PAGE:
Embracing Failure

Designers are one lot on the planet who are often subjected to face failure. Many of them however do not take it in the right spirit. Call it the ego that drives us, or the question to our subjective viewpoints, either ways it is something that is not right and needs to be taken with a light heart. It is something that when seen as a constructive criticism thing, can do wonders for the growth of the designer.

I remember when I was in my final year of my design education at IITG, in the seventh semester, I failed miserably at a course that was worth 24 credits. That was perhaps the largest setback that I got. But that was just academically. There are numerous incidents that one comes across as a professional designer that exposes you to failure. It could be a result of a client interaction or a misalignment with the views of the team you are working with.

Every incident made me realize the value of embracing failure in its true spirit. I started to talk more about it in my talks and lectures that I gave to varied audiences across India.

On Failure

I am of the firm belief that Design education today needs to build this aspect of Embracing failure in the school itself. I often talk to my students about this and in the last Final Diploma project class, we had a nice discussion around this.

At the end of it, we fail because we are Humans, and Designers by virtue of designing everything that is Human Centered, it is but natural that we would be exposed to failure. The sooner we learn to embrace it, the better it is.

Also I feel that, this spans not only to designers, but to a . . . → Read More: On Embracing Failure

The Social Media Construct – a case in remediation

They say that the Social Media Technologies is the in thing right now. Some call is fashionable, while some call it a necessity to keep up with the times, while some see a real value add in it. While many companies adopt it, not all understand it completely. It is now well accepted that the Social Media Technologies (SMT) are an integral part of the marketing budget of any company.  The adoption of SMT should be tied down to a business need and an assist with the business processes. Apart from the usual goals of increase in sales, the one thing that the social media technologies has done is, making the consumer more informed and help them in taking decisions that are influenced by a gamut of reasons. Come to think of it, the advent of SMTs follow a similar pattern.  resulted in the way the audiences are exposed to media. We consume stuff in a different way than we used to in the days prior to the SMTs. To support the claim of Social Media technology being omnipresent in the lives of many now, one has to understand where this comes from.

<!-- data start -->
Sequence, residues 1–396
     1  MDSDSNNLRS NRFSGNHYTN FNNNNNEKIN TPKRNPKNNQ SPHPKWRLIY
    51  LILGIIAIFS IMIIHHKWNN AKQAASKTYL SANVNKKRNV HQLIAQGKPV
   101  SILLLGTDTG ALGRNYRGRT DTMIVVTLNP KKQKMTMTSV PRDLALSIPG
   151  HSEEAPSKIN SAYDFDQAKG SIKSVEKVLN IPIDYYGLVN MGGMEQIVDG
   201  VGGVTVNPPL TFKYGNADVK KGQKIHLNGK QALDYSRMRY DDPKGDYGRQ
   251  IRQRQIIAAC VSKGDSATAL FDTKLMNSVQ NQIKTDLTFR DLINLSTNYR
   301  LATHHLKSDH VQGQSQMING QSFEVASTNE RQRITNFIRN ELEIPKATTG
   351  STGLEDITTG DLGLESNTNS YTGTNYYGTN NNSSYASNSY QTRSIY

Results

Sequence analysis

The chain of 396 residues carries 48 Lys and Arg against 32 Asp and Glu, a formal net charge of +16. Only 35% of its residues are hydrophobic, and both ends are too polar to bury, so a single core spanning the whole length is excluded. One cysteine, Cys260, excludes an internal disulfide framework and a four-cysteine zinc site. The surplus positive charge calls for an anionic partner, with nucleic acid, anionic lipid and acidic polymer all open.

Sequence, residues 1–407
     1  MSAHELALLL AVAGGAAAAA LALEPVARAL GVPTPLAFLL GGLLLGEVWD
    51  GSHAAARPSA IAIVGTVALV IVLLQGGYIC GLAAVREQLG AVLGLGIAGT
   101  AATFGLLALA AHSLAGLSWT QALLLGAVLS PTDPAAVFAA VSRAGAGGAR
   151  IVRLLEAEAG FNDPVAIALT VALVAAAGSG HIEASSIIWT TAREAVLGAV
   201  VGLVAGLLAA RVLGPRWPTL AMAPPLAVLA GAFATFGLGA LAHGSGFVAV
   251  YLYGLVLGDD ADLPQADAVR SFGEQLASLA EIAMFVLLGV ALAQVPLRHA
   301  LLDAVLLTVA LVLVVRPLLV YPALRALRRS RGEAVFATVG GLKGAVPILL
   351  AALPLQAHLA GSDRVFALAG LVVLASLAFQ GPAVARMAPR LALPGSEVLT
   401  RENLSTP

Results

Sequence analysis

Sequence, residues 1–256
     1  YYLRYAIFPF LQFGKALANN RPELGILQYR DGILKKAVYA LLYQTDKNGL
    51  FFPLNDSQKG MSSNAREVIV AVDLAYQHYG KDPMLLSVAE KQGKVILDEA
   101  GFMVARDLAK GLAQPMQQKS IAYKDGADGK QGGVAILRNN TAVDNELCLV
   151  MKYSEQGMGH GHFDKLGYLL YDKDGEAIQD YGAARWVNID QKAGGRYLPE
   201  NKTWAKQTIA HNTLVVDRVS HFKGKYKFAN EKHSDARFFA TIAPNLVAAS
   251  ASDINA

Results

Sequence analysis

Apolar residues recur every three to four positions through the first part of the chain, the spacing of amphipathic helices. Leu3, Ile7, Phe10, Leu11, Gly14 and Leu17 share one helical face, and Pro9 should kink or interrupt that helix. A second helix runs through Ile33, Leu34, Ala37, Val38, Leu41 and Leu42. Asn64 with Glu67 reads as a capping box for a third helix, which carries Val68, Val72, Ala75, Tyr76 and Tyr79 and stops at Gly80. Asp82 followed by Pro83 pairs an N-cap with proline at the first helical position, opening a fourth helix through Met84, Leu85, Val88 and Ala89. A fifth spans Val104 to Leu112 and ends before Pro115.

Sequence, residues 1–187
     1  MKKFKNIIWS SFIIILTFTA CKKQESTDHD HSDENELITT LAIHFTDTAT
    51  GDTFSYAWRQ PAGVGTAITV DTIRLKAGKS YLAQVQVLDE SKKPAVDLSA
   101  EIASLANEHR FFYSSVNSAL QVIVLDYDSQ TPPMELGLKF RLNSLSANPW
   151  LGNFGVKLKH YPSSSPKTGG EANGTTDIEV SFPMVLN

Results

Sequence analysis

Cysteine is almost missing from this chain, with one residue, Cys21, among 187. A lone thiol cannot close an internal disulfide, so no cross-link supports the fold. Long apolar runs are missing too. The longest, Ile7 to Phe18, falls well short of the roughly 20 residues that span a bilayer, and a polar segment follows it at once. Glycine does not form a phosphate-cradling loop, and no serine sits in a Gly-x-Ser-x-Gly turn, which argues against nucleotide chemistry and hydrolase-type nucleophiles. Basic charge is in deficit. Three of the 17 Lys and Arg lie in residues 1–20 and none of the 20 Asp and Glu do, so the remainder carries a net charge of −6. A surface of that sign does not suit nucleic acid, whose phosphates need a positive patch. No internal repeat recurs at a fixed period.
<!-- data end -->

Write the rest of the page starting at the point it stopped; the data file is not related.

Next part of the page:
The notion of followers

Over the course of this article, I wish to do a construct of the notion of the Social Media Technology as a new kind of media. I shall refer to Bolter and Grusin, amongst others to understand why the notion of the Social Media technology is a New Media that plays out on the notion of remediation. I shall be looking into this with the example case study on Social Commerce and how the notion of media and Social media is changing and will continue to change the way we do our commerce.

Marshall McLuhan one of the greatest writers on media . . . → Read More: The Social Media Construct – a case in remediation

Kant and Experience Design

Introduction Quite often we have heard people questioning the existence and nature of design. Questions like ‘What is design?’ ‘Does design mean art?’ Is designing an object similar to saying beautification of the object? Some even say, design is common sense; and comes from intuition. If we go a bit deeper into these questions, we get to know answers to many more questions like, what role does Aesthetics play in having a good design? What are the factors to which a design owns is success? Is it pleasure it mere satisfaction? Does good design come from experience of proper understanding of a concept? Do the cognitive faculties of the human mind play a role in deciding the quality of a good design? Should a good design mean ‘globally acceptance’? Does design depend upon the culture and context? Do environments pay some role? How is a priori synthetic judgment possible?

In this essay we will see the relation of beauty, aesthetics, art and design. We will see the factor that makes an object pleasurable, and how it aesthetics is a valuable source for designers. The philosophy of Immanuel Kant, and excerpts from his essays Critique of Pure reason,Critic of Judgment, Claims of Taste have been put in; in order to give a more explainable answer to these above questions.

Concepts and Knowledge According to Kant, concepts came from pure understanding and not from experience alone as had been put forward by David Hume. Kant says that all speculation about the nature of things in themselves, beyond the phenomena of perceptual experience , is devoid of all meaning, and cannot even in principle attain the status of knowledge. Kant speaks of metaphysics- that body of knowledge that is both ‘synthetic’ and ‘a priori’ , rather than that body of knowledge which pertains . . . → Read More: Kant and Experience Design

Approaches to critiquing

I love to critique. Being in a field in which I am always surrounded by the different forms of art that have been created, there is always a scope for criticism.  So photographs that I take are criticized, and so are the designs that I make and I do so the same for any movie I see. Now there is a difference between the art of critiquing and the art of reviewing. While reviews are targeted for the common, general audience who do not have a flair for work, critiques are often targeted at a very specific audience.